While it is accepted that endothelial-derived nitric oxide (NO) regulates platelet function, the role of platelet-derived NO has been a widely debated topic in recent years. NO is a ubiquitous free radical gaseous messenger synthesized by nitric oxide synthases (NOS) from the amino acid l-arginine . The endothelial form of the enzyme (eNOS) releases NO into the blood continually in response to the pulsatile flow of blood. NO diffuses into platelets and binds to its intracellular receptor, the hem-containing enzyme soluble guanylyl cyclase (sGC), leading to elevated cGMP levels, which acts as a second messenger coordinating the biological actions of NO . The NO/cGC/cGMP system leads to targeted inhibition of numerous platelet activatory pathways . The presence of an eNOS/sGC/cGMP signaling system endogenous to platelets was first suggested by Radmonski et al., who demonstrated elevated cGMP in response to platelet activation, an effect that was abrogated by NOS inhibitors [4,5]. Subsequently, numerous studies confirmed the ability of platelets to synthesis NO as evidenced by measurement of NO release, NO2−/NO3− and l-citrulline (a by-product of the eNOS reaction). Furthermore, the presence of eNOS, and to a lesser extent iNOS, has been demonstrated in different species including bovine, murine, porcine and human platelets (reviewed in Ref. ).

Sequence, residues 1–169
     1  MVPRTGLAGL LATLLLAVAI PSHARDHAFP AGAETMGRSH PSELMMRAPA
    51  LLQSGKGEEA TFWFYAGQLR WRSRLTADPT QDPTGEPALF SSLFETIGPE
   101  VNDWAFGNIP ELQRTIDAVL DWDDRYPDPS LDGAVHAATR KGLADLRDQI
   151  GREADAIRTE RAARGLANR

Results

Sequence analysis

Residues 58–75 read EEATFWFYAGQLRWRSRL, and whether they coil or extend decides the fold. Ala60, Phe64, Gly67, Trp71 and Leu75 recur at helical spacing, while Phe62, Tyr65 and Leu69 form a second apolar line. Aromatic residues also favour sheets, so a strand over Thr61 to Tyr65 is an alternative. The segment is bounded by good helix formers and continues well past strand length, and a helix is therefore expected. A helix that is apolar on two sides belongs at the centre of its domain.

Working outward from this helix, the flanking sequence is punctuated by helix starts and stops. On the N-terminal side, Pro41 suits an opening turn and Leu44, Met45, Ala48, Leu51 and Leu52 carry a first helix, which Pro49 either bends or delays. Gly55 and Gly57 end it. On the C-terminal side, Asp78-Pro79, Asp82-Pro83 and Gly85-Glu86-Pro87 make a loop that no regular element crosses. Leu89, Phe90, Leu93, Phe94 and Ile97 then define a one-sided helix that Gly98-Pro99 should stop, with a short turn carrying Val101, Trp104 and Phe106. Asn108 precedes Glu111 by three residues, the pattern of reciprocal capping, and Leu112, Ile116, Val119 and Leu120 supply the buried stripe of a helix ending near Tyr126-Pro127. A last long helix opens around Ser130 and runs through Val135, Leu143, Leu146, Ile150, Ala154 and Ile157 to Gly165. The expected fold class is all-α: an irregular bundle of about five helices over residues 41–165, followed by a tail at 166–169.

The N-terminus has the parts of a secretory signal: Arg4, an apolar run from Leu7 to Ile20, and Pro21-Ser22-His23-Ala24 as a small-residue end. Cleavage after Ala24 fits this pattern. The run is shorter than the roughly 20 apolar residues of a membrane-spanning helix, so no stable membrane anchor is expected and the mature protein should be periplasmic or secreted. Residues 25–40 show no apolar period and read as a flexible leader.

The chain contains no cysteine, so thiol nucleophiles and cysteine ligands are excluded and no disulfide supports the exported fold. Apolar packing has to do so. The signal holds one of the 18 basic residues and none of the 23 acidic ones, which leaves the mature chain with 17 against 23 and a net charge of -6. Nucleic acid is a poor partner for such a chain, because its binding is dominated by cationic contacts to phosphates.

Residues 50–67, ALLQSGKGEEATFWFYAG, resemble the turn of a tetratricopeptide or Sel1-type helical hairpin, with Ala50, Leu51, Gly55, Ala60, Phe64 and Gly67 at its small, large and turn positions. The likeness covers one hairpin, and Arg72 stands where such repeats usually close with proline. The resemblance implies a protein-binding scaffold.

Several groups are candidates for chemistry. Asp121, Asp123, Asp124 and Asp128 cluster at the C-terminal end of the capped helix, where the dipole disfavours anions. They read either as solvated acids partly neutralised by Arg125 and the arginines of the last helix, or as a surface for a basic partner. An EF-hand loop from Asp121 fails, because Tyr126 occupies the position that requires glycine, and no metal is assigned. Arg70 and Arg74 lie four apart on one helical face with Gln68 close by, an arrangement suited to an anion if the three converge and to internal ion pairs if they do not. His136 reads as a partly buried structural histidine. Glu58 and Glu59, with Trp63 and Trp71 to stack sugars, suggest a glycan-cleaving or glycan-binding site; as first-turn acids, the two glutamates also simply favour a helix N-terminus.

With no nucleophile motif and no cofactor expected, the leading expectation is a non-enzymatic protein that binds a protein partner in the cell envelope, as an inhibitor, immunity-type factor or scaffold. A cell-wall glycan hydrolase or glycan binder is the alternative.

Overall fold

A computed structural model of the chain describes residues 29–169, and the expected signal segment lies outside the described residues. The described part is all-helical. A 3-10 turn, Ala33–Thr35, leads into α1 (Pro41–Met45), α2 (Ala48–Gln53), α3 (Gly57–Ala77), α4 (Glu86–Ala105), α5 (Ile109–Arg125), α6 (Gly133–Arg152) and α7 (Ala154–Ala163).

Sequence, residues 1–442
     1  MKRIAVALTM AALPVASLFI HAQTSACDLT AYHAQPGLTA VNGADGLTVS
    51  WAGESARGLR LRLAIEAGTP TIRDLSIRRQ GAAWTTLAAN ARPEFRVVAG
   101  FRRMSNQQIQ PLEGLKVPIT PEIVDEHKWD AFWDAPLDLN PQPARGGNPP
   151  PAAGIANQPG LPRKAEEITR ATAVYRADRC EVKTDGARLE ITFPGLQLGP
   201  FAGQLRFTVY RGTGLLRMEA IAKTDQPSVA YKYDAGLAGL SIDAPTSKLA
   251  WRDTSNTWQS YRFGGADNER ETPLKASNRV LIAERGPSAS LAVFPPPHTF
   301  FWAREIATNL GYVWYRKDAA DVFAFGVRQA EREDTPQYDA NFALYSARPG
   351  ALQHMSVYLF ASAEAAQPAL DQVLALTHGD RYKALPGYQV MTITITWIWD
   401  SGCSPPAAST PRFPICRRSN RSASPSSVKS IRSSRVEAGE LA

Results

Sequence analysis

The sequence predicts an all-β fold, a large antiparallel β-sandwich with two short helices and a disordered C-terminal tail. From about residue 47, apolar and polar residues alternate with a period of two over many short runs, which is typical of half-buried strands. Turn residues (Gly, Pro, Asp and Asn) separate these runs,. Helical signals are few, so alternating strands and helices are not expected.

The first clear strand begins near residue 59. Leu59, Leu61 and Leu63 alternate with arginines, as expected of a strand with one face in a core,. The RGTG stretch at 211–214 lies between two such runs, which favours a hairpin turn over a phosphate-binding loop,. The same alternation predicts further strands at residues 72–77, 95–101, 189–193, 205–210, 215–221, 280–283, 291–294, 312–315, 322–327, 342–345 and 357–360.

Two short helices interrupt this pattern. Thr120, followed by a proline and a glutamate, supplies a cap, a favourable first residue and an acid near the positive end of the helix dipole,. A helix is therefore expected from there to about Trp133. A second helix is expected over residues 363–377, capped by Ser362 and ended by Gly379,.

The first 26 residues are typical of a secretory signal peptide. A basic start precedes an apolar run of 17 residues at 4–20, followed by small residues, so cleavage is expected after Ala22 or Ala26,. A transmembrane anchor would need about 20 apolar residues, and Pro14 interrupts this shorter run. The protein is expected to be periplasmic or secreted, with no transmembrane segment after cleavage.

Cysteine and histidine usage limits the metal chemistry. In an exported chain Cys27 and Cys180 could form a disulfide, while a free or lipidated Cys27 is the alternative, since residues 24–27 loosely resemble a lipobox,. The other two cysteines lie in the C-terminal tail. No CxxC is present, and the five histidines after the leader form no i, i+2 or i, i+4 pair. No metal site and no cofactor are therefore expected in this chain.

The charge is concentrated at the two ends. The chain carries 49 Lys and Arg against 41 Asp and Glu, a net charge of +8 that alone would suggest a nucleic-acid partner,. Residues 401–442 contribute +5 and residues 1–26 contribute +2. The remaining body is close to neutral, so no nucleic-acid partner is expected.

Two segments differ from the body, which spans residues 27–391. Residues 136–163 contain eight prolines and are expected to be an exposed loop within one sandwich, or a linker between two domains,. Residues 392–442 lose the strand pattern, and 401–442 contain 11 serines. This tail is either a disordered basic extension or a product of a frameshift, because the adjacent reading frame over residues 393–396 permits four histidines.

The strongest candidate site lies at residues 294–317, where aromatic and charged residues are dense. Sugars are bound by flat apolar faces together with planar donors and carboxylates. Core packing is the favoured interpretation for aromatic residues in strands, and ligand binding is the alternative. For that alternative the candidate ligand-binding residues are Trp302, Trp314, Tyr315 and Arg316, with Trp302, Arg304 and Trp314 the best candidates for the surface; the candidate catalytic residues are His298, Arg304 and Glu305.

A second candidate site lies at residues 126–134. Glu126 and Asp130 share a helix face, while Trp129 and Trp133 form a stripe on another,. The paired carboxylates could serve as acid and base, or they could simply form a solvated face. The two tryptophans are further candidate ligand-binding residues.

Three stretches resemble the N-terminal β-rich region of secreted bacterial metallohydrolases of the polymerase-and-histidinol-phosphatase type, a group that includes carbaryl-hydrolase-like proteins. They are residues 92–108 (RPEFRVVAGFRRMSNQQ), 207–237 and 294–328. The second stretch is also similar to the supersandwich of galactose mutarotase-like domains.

Despite confidence of the presence of the platelet NOS/sGC/cGMP system, the physiological role of NO released from platelets has remained controversial . Freedman et al.  demonstrated that platelet-derived NO acted in a paracrine fashion to inhibit the recruitment of platelets into aggregates. This was seemingly confirmed by a follow-up study from the same group demonstrating that mice with eNOS−/− platelets showed increased bleeding times and accelerated thrombosis in vivo . More recently the assumption that platelet-derived NO is inhibitory has been challenged. Pharmacological and transgenic animal studies have provided evidence that platelet-derived NO and cGMP have a stimulatory role. The authors propose that low concentrations of NO promote agonist-induced dense granule secretion and aggregation . These data are supported by studies with eNOS-deficient mice, which have diminished secretion and aggregation in response to low doses of thrombin and collagen, as well as a reduced ability to form occlusive arterial thrombus in an in vivo thrombosis model . Other studies with eNOS-deficient animals have confused this issue further, with both Iafarati and Ozuyaman publishing data indicating that the absence of platelet eNOS has little consequence for both platelet function and arterial thrombus formation [10,11]. Although, differences in both experimental conditions and animal models can partly explain the nature of this conflicting data, it is difficult for both expert and non-expert readers to draw any conclusions as to the role of platelet NO. As such, the field requires much more detailed and systematic studies to evaluate the presence of NOs in different species under strict experimental conditions, and detailed evaluation of the NOS/sGC/cGMP pathway using multiple readouts.